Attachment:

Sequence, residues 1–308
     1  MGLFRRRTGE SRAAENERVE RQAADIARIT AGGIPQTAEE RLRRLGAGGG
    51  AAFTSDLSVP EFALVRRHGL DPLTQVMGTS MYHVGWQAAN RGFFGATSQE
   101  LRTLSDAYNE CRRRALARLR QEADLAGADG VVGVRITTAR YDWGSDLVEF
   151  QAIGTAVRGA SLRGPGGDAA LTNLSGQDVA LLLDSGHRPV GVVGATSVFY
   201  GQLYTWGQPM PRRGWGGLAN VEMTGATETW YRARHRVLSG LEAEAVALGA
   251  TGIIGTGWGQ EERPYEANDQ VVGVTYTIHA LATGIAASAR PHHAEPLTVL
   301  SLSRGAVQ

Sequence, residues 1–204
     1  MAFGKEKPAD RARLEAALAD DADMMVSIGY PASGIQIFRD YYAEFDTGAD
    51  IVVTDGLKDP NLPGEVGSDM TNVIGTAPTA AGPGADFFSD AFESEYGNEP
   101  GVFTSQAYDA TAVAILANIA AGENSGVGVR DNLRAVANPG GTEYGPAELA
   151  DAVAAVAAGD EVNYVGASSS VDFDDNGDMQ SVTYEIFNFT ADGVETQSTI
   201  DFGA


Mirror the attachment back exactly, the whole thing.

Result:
Sequence, residues 1–308
     1  MGLFRRRTGE SRAAENERVE RQAADIARIT AGGIPQTAEE RLRRLGAGGG
    51  AAFTSDLSVP EFALVRRHGL DPLTQVMGTS MYHVGWQAAN RGFFGATSQE
   101  LRTLSDAYNE CRRRALARLR QEADLAGADG VVGVRITTAR YDWGSDLVEF
   151  QAIGTAVRGA SLRGPGGDAA LTNLSGQDVA LLLDSGHRPV GVVGATSVFY
   201  GQLYTWGQPM PRRGWGGLAN VEMTGATETW YRARHRVLSG LEAEAVALGA
   251  TGIIGTGWGQ EERPYEANDQ VVGVTYTIHA LATGIAASAR PHHAEPLTVL
   301  SLSRGAVQ

Sequence, residues 1–204
     1  MAFGKEKPAD RARLEAALAD DADMMVSIGY PASGIQIFRD YYAEFDTGAD
    51  IVVTDGLKDP NLPGEVGSDM TNVIGTAPTA AGPGADFFSD AFESEYGNEP
   101  GVFTSQAYDA TAVAILANIA AGENSGVGVR DNLRAVANPG GTEYGPAELA
   151  DAVAAVAAGD EVNYVGASSS VDFDDNGDMQ SVTYEIFNFT ADGVETQSTI
   201  DFGA